DENNIS SCHWARTZ 
IS THERE ANY GOOD 
IN SAYING 
EVERYTHING ABOUT A MOVIE?

 
FRONTIER DAYS (director/writer: Robert F. Hill; screenwriter: story by Norman Springer; cinematographer: Brydon Baker; editor: S. Roy Luby; music: Lee Zahler; cast: Bill Cody (Bill 'Pinto Kid' Maywood), Ada Ince (Beth Wilson), Wheeler Oakman (Henry Jethrow), Bill Cody Jr. (Bart Wilson), Franklyn Farnum (George Wilson), Lafe McKee (Hank Wilson), Vic Potel (Deputy Tex Hatch), Bill McKenzie (Casey), Bill Desmond (Sheriff Barnes); Runtime: 60; MPAA Rating: NR; producer: Ray Kirkwood; Sinister Cinema; 1934)

 
"This is supposedly the best cowboy talkie Bill Cody ever made; I would hate to see the others."

Reviewed by Dennis Schwartz

Robert F. Hill ("Cowboy Holiday"/"Law and Lead") is the writer-director of this routine low-budget B Western. Hill uses the pseudonym of Jimmy Hawkey. It's from a story by Norman Springer. It stars former silent screen cowboy Bill Cody and his real-life 8-year-old son Bill Cody, Jr.. Other than that, this slow moving shoot-em-up is easily forgettable.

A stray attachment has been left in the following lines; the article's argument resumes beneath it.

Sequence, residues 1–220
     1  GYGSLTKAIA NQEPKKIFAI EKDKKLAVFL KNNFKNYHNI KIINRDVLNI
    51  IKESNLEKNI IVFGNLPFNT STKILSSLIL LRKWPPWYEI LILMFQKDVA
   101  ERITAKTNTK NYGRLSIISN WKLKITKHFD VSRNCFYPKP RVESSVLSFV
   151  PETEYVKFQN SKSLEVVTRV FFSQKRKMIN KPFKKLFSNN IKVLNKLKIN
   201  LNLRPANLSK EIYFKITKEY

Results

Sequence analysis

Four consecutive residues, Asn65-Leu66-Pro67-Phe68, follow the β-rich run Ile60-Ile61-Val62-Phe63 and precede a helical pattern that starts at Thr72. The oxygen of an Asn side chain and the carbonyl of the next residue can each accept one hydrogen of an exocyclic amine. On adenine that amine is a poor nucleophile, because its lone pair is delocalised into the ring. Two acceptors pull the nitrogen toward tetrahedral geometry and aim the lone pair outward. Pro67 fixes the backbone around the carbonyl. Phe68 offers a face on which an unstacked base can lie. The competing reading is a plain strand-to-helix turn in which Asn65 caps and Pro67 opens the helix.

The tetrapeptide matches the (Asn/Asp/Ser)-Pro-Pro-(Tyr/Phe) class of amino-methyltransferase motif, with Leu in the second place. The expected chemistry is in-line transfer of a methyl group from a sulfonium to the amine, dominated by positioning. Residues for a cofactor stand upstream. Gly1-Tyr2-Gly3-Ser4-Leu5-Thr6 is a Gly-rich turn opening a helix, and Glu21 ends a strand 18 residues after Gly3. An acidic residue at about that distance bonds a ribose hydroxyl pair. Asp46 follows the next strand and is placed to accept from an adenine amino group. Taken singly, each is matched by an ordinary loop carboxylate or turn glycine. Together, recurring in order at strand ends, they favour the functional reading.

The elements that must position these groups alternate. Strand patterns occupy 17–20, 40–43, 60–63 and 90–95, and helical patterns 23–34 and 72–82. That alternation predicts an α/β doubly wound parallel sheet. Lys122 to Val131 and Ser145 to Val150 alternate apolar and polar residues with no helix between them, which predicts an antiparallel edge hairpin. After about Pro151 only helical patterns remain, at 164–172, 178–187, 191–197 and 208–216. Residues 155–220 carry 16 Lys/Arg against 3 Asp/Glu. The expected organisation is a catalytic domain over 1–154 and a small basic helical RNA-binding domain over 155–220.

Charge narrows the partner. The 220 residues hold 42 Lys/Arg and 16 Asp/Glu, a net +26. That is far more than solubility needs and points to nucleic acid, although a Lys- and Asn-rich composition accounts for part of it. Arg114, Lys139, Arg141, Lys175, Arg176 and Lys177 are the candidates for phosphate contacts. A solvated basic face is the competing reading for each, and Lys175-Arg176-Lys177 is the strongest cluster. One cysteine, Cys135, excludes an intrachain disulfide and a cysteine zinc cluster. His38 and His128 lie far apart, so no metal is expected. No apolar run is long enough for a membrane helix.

The Pinto Kid (Bill Cody), named because of his pinto horse Chico, is a Wells Fargo agent who goes undercover to nab the holdup men of the stagecoach. While staying at the Wilson ranch, that has been frequently robbed, he's accused of rustling their cattle. Later he's framed for the murder of George Wilson (Franklyn Farnum), the widowed patriarch who took the job of stagecoach driver as a last resort to earn money to save the ranch from the grasp of crooked banker/lawyer Henry Jethrow (Wheeler Oakman). Also in on the crimes are the sheriff and his deputies and slimy saloon owner Casey (Bill McKenzie). At first George's pretty daughter Bess (Ada Ince) and her grandfather Hank Wilson (Lafe McKee) don't believe The Pinto Kid as readily as does Bess's peppy young brother Bart (Bill Cody Jr.). But as sure as the summer sun, our pint-sized, fast swinging, big hat wearing hero (like the sombrero one Tom Mix wears) saves the ranch and rounds up the bad guys by using both brain and brawn.

There's a bar fight and a lot of creaky dialogue. An example of the chatter goes like this: Deputy Tex Hatch: "What is your business?" Pinto Kid: "Minding my own business."

This is supposedly the best cowboy talkie Bill Cody ever made; I would hate to see the others.
 
REVIEWED ON 11/15/2006        GRADE: C

Dennis Schwartz: "Ozus' World Movie Reviews"

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